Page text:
Sprained Ankle Rehab & Physical Therapy

Regardless of the severity of the ankle sprain, there are three phases of ankle of recovery that need to be followed to ensure complete rehabilitation and to prevent complications:

Phase 1 

Follow the initial R.I.C.E. guidelines of rest, ice, compression, and elevation. This phase continues until symptoms are better managed and improving.

 

Phase 2

Slowly introduce gentle exercises to improve range of motion, flexibility and strength.

 

Phase 3

Progress exercises and gradually return to normal activities. Following the completion of this last phase of ankle rehabilitation, return to sports and other activities while keeping up with a maintenance exercise program.

Learn more ways to treat a sprained ankle

SHOP SPRAINED ANKLE PRODUCTS
Jaydee Vykoukal, PT, DPT
Jaydee Vykoukal, PT, DPT



Also in Resources

Choosing the Best Mobility Scooter
Choosing the Best Mobility Scooter

by Juan Lopez May 23, 2022 0 Comments

Each model has something different to offer and it’s important to select the best mobility scooter that meets your unique and individual needs for safety, accessibility and convenience. There’s a lot to consider from turn radius and terrain to weight capacity. Keep scrolling to compare our three mobility scooter models side by side, learn which features to consider, and get our best recommendations.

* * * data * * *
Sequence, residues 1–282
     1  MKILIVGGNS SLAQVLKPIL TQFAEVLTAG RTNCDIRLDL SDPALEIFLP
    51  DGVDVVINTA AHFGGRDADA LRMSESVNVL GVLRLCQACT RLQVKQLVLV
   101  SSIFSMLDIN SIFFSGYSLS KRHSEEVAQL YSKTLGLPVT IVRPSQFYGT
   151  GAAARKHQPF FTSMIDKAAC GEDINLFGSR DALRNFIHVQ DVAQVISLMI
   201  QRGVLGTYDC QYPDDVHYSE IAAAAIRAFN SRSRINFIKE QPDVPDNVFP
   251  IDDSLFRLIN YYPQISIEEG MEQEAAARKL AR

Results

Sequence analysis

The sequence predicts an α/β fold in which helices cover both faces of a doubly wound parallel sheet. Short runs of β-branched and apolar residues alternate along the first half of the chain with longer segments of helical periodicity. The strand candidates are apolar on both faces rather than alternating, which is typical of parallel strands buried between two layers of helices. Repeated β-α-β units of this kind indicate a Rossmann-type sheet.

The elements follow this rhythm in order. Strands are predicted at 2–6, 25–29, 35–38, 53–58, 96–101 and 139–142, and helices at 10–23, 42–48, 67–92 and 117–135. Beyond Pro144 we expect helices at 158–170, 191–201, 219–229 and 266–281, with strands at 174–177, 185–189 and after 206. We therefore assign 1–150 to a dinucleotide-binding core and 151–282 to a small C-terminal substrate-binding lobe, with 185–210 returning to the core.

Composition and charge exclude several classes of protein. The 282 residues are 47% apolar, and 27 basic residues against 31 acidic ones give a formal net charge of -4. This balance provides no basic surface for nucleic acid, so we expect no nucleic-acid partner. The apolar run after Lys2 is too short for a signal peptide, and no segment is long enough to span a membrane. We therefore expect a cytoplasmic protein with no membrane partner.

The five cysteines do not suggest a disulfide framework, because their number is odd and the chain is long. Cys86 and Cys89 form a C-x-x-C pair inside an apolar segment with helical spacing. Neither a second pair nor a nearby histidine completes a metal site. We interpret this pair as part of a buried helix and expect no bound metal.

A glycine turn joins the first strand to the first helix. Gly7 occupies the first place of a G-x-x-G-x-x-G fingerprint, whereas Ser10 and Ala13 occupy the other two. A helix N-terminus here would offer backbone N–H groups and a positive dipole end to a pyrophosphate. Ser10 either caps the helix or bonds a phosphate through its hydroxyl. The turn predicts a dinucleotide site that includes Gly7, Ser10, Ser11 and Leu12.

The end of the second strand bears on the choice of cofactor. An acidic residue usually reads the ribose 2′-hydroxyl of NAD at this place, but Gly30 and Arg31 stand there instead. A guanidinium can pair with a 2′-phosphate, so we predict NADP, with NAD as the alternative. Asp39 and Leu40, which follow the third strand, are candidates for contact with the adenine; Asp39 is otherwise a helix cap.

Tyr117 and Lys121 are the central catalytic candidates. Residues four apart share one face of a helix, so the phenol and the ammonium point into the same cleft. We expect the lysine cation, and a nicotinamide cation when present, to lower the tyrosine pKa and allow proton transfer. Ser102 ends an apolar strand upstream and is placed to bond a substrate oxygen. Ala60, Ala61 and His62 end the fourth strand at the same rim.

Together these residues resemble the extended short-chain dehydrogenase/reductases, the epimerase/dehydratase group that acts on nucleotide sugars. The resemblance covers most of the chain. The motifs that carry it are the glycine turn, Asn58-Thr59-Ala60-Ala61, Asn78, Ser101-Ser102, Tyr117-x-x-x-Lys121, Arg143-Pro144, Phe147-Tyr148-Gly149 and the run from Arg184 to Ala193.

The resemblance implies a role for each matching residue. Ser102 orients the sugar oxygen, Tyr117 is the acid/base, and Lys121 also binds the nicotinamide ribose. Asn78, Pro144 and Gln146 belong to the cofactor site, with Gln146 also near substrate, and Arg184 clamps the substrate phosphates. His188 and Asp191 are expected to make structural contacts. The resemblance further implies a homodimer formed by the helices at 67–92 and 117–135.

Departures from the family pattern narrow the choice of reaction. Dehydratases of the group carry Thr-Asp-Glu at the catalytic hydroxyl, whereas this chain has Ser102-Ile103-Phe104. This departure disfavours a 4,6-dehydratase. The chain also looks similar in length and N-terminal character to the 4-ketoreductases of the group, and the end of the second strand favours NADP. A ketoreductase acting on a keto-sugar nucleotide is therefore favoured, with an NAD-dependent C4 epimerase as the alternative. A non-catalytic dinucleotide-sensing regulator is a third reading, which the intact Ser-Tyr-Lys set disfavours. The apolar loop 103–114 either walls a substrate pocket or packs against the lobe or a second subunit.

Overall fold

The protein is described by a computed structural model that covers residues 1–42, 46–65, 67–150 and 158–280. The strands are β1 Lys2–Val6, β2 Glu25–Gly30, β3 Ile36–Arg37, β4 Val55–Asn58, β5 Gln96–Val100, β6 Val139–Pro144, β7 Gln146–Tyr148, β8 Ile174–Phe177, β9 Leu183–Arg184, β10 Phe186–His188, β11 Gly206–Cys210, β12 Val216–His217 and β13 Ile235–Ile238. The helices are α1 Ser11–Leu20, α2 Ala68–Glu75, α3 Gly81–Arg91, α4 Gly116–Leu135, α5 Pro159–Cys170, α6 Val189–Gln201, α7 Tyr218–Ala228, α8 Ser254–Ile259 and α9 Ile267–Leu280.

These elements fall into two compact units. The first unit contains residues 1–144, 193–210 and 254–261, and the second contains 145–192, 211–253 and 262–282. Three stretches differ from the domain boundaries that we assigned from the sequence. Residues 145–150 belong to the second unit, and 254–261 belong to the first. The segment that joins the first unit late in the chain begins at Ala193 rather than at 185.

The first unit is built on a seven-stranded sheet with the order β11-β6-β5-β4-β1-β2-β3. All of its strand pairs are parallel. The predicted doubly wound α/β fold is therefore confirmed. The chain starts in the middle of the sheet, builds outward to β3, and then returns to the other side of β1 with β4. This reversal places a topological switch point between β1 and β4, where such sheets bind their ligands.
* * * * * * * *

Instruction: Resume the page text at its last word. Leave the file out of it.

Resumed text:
Read More
Choosing the Best Insoles - What's The Difference?
Choosing the Best Insoles - What's The Difference?

by Jessica Hegg May 15, 2022 0 Comments

There are a wide range of foot conditions our customers deal with on a regular basis--from plantar fasciitis, to heel spurs, high arches, and more. Our best insoles are crafted to relieve the discomfort of these foot conditions and more, with a broad catalog of different designs.

Read More
Choosing the Best Digital Bathroom Scale
Choosing the Best Digital Bathroom Scale

by Juan Lopez May 12, 2022 0 Comments

Whether you’re looking to upgrade your current bathroom scale or better track of your health, fitness, or weight loss journey; you’ll need to choose a digital scale equipped with the right features and functionality to meet your needs.
Read More
Choosing the Right Transfer Device
Choosing the Right Transfer Device

by Juan Lopez May 11, 2022 0 Comments

Patient transfer devices offer a range of solutions for patients of all levels of mobility, allowing for independence. However, between our selection of transfer belts, boards, blankets, cushions, and handrails, knowing which option is right for you isn’t always obvious. Take a look at our in-depth guide where we cover all the options considering factors like type, material, purpose, and weight capacity for each different device.

Read More